Entering eating disorder treatment may have been one of the most challenging decisions you ever had to make. Taking a break from your personal life, putting school or work on hold and deciding whether you want to share your story with others or keep it private are all difficult hurdles to overcome to enter treatment. Re-entering back into mainstream society after spending weeks or months in a recovery program, you will most often be faced with unexpected challenges and incredible surprises. Maintaining a healthy life outside of treatment is difficult because you may be surrounded by peer pressure, triggers, and negative influences that were not present during treatment and you may have many new hurdles to tackle such as rebuilding broken relationships, regaining trust or learning how to re-enter into financial freedom. There is no instruction manual for success after treatment but there some general expectations after treatment that may be helpful to be aware of.

Relapse does happen

Studies show that relapse rates range from nine to 65 percent and having the binge-purge subtype of anorexia nervosa or a childhood history of physical abuse were two factors that made individuals more likely to relapse following discharge from treatment. Whether the relapse consists of binging and purging or engaging in excessive exercise or diet pills to lose weight, a relapse can be a sign that an individual may need a higher level of care and re-entry back into therapy. Relapse is not a sign of failure but rather a sign that you may need a different treatment approach or more time to recover, so please be gentle with yourself if you do relapse.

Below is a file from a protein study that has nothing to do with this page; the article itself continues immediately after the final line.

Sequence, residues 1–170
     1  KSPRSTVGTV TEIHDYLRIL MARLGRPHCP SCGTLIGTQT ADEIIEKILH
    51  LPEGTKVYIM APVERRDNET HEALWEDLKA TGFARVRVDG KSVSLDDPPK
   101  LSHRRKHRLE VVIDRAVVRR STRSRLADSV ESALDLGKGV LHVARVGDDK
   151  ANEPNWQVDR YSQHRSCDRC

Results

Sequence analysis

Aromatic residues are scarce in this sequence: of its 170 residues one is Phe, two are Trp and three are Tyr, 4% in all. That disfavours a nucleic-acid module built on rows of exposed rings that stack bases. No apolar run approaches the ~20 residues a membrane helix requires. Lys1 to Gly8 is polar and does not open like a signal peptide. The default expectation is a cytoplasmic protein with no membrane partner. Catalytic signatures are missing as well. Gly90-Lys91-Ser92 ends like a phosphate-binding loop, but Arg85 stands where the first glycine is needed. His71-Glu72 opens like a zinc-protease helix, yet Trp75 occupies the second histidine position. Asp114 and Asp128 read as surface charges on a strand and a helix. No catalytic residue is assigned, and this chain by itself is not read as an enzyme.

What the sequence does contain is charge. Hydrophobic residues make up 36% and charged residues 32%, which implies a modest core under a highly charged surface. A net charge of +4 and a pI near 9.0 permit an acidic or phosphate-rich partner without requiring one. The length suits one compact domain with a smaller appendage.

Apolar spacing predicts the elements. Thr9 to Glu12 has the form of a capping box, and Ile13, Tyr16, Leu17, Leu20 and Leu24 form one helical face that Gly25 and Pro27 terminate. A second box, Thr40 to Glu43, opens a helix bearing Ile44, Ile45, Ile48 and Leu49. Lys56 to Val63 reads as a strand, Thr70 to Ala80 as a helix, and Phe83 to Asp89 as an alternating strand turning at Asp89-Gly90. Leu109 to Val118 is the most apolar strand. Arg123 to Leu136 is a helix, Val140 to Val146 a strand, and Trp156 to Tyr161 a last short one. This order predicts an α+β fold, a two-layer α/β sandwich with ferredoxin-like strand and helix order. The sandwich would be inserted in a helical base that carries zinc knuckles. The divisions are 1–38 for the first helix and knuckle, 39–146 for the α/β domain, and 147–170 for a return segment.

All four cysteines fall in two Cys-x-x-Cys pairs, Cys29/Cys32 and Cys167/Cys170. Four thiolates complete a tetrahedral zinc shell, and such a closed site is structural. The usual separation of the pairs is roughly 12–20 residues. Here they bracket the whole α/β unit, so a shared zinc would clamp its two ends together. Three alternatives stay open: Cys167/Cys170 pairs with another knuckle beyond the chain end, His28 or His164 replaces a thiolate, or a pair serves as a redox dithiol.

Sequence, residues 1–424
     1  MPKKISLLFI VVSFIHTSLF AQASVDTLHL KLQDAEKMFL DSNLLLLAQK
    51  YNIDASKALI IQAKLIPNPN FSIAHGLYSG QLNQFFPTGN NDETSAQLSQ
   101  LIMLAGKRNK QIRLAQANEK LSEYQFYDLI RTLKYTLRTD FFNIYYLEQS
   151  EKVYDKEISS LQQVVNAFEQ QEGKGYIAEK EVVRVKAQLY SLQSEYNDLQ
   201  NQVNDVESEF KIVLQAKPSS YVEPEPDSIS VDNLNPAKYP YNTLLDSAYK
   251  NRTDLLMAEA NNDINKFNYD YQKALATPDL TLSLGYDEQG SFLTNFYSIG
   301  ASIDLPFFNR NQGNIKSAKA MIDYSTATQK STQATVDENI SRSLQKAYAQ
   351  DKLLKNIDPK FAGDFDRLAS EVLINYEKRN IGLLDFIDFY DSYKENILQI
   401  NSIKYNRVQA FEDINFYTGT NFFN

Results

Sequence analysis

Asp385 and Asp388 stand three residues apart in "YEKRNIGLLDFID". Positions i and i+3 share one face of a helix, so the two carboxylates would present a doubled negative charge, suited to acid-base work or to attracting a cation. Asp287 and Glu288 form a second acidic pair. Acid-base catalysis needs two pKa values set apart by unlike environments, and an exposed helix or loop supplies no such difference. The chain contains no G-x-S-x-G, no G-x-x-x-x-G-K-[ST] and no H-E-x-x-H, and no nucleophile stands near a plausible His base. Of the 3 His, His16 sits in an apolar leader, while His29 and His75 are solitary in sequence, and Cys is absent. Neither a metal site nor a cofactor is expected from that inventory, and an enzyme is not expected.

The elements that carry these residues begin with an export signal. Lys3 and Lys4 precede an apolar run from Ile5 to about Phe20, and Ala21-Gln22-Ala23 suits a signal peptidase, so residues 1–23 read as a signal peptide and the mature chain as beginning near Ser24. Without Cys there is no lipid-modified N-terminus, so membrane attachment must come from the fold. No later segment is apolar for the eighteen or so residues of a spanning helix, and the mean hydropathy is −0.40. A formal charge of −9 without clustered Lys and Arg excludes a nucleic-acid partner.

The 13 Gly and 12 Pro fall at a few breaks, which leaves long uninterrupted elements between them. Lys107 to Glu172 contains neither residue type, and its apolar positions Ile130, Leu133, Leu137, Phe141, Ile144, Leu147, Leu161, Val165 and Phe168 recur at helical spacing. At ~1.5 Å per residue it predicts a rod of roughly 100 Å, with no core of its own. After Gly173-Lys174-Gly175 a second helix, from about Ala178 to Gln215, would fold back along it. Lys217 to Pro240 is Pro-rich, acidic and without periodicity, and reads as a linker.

You are now responsible for your actions

When you are back in the real world (working to earn money, doing housework, walking your dog, and grocery shopping) no individual is going to “watch over you” like they were while you were receiving acute treatment. You are responsible for your actions and decisions. You may feel like you are always around people or environments where you feel pressured to make poor decisions about your diet or engage in behaviors such a binging or purging that can result in relapse. However, these are your choices to make, and you are now in control.

Your recovery has not ended

Just because you have completed an eating disorder treatment program does not mean you are fully cured and no longer need to engage in treatment support. Recovery is a long-term and may even be a lifelong process where you will continuously participate in community support groups and outpatient therapy on a weekly or bi-weekly basis; also known as aftercare.

You may have to find a new support network

Before entering treatment, you may have had friends who did not hold your best interest at heart. Maybe you were in a toxic relationship and did not recognize the unhealthy triggers that contributed to the development of your eating disorder. It is important to stay clear of anyone who does not support your recovery, which may result in you leaving people from your past, in the past. This also gives you the opportunity to make new friends and find a new support system of individuals who will support you fully in your recovery. As you create your list of “safe people,” ask yourself:

  • Who can I connect with regularly to remind myself of the importance of recovery?
  • Who are my healthiest relationships with?
  • Who will truly support me if I need help, without judgment?

You must always remain flexible

Embracing your imperfections is a huge part of eating disorder recovery. Rigidity, rules, and perfection characterize eating disorders, so it is imperative that you continue to be flexible in your recovery. Life outside of treatment is no longer about following rules and regulations; instead, recovery is about learning to trust and accept anything that comes your way. Beyond the eating disorder’s rigidity is a world full of spontaneity, surprises, and joy. Always remember that there are no magical solutions for having success after treatment. Everyone’s journey is different.